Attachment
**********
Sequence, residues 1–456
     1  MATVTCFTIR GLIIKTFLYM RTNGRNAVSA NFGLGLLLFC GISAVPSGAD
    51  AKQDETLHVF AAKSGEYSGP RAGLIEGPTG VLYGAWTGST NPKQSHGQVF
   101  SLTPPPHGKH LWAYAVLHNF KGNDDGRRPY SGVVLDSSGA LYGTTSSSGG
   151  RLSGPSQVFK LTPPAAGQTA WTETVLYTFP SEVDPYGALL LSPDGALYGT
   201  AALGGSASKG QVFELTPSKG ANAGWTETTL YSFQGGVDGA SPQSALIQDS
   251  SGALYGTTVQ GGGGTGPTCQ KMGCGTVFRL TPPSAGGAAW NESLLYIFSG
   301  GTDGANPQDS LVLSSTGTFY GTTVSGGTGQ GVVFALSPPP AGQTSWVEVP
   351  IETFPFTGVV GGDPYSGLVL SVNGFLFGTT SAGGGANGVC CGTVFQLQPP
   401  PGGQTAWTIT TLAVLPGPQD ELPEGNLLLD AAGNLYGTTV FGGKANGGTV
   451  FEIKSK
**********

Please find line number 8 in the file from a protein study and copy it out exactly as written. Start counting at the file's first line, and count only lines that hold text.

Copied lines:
   301  GTDGANPQDS LVLSSTGTFY GTTVSGGTGQ GVVFALSPPP AGQTSWVEVP